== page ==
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Asleep at the Wheel? Coffee Can't Get You Going When You Leave It Behind

May 03, 2002|Steve Harvey

On her way to work, Pam Coyle of Coto de Caza noticed "a tan Expedition on the 133 tollway had a white Styrofoam cup, complete with red stir stick, on the rear bumper. I ... could tell there was still [presumably] coffee in the cup, slightly sloshing. I had to get on the northbound 5 while the Expedition continued on. I hope that the cup was still on the bumper when she arrived at work so she could finish the coffee and stop wondering where she set it down.''

Hey, I have an idea! Why don't commuters try that trick with their cell phones!

These SUVs are really getting out of hand: Jim Moore of Nipomo saw an ad for a vehicle where a large family could live comfortably--and even sip coffee on a porch (see accompanying).

Unclear on the concept: Michael Kory said he complained "many times to the post office about the misdelivery of others' mail to our home.'' So a postal supervisor gave a notice about the problem to the carrier for the carrier's eyes only.

Naturally, it was delivered to Kory (see accompanying).

I'm reminded of the time postal carriers went on strike and Groucho Marx proposed this: "We give them the raises--but by mail.''

Wait 'til the animal rights folks hear about this: Elinor Kastner of Venice noticed that one salon made a startling admission (see accompanying).

Seal of disapproval: In a discussion of bandit (unlicensed) taxis, I pointed out that you can spot the legal cabs in L.A. because they display the city seal. But Rufus Baker says some wily illegals have taken to painting the seal on their hacks themselves. But they aren't all such great spellers. Baker saw one that said, "City of Lost Angeles.''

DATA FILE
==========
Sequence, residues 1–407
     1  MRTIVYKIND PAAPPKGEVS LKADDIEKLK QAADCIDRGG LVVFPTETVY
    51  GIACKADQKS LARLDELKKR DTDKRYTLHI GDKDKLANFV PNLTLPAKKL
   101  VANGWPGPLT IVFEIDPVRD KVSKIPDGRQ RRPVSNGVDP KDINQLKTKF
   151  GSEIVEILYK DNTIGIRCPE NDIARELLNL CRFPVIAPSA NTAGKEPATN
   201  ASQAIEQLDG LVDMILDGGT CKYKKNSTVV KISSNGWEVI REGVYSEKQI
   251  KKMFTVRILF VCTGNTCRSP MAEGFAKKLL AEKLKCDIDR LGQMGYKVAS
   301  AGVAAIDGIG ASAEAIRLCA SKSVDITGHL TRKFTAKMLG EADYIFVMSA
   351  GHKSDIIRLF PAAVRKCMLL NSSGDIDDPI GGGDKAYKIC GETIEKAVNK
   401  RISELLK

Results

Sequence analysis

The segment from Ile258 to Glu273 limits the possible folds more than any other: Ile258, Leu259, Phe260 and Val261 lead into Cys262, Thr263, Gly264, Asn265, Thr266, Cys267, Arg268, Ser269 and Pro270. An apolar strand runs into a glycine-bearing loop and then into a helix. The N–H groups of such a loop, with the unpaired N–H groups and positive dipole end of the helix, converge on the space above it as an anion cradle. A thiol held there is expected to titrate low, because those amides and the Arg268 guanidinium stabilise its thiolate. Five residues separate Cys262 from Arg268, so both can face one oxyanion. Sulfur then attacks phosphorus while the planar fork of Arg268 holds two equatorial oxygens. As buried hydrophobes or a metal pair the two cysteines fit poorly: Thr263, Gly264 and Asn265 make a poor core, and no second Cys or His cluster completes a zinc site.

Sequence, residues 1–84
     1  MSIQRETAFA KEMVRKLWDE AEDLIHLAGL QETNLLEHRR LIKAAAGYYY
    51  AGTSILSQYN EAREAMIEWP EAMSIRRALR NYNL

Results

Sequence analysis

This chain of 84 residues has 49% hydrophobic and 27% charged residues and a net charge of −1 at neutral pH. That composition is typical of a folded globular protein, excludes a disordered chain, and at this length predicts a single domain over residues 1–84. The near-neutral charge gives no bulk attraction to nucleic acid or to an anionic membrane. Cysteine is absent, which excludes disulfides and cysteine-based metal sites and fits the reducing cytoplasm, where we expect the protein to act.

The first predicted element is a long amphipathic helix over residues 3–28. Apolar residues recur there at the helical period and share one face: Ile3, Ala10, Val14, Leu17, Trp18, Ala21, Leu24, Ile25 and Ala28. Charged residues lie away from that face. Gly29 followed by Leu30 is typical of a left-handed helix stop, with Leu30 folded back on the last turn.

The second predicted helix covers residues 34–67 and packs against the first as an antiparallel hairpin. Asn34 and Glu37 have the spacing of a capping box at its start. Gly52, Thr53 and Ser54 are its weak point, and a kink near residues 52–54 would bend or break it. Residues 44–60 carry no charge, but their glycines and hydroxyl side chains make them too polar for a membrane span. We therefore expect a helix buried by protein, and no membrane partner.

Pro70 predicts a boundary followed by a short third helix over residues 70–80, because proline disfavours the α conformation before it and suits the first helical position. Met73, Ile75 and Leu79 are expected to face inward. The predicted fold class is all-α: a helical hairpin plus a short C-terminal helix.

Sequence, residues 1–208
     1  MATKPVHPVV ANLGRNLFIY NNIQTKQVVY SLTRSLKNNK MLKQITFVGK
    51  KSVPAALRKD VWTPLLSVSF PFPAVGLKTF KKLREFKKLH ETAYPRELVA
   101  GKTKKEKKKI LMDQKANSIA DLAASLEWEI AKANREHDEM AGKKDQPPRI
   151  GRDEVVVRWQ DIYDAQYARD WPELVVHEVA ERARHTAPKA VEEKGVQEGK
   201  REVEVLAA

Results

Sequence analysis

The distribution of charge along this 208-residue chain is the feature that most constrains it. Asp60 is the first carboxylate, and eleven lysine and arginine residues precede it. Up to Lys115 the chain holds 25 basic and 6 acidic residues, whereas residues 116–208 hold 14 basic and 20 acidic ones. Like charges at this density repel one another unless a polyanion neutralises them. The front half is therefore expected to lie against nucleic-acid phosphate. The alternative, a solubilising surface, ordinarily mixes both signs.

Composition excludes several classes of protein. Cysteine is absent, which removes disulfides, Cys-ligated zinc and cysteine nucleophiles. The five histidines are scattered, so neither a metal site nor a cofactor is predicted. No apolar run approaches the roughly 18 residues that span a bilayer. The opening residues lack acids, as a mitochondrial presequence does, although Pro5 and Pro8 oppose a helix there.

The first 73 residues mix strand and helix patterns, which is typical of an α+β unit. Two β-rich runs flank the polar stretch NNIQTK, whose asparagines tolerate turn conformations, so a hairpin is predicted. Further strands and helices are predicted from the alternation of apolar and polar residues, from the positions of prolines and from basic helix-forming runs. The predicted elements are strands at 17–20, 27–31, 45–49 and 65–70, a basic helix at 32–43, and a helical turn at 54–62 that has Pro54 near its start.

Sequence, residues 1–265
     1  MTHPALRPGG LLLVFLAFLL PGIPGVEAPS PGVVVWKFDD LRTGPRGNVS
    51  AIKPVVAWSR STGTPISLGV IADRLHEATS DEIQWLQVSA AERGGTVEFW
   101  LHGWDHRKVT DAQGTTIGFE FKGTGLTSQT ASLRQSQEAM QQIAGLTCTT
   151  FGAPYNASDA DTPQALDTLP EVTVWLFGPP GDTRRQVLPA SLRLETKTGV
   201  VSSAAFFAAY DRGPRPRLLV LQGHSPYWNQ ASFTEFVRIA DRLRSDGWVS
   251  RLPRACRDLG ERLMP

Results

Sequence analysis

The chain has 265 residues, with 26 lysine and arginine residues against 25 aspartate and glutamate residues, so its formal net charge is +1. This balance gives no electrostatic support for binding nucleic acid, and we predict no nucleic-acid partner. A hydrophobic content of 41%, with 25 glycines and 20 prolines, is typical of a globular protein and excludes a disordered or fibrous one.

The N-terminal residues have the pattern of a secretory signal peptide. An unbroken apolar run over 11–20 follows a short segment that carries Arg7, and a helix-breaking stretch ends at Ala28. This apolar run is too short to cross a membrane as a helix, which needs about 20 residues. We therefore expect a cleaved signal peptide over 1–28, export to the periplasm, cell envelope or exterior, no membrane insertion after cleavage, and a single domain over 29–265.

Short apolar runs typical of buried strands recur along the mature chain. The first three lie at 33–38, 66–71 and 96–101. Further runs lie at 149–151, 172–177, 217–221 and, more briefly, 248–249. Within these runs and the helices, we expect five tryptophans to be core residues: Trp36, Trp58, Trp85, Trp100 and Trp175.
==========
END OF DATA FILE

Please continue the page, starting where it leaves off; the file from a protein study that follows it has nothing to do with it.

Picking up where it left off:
I've heard of trees being stripped...: The Beach Reporter's police log says a woman "went out back to talk to her gardener [but] . saw a man she had never seen before, completely naked. Her gardener was nowhere to be seen.''

Now for another episode of "Ye Olde Cops!'': I'm not sure if there was an Only at Plymouth Colony columnist in the mid-17th century. But amateur genealogist Patricia Bausman of Westminster has found a wealth of police log-type items from the colony at a University of Virginia Web site.

Her favorite involved the arrest of one "Allice, the wife of Richard Berry, of Yarmouth,'' who was charged with "goeing into the house of Benjamine Hammond, when noe body was att home, and felloniously tooke away a womans shift, that was new made, but without sleeus and a peece of porke.'' Bausman says, "We don't know what her sentence was, but I wonder if they went easy on her because the 'womans shift' had no sleeves.''

Good thing he said "perhaps'': Iquoted columnist David Allen of the Inland Valley Daily Bulletin saying that Kem Nunn's "Pomona Queen'' was "perhaps the only novel of suspense whose hero is a vacuum cleaner salesman.'' Don Burke responded that Allen had forgotten about the vacuum cleaner salesman in Graham Greene's "Our Man in Havana,'' portrayed in the movie by Sir Alec Guinness.

And Angelo Laiacona adds that a vacuum cleaner salesman thwarts an assassination attempt in the 1957 British comedy "The Green Man.'' My late father, who was a Hoover salesman, never told me the profession was so exciting.


miscelLAny: Paula Brynen says she was listening to the radio when she heard, "This traffic report is made possible by Rosarita refried beans. Wind advisory everywhere in Antelope Valley.'' She said the report was interrupted briefly by the announcer's laughter.

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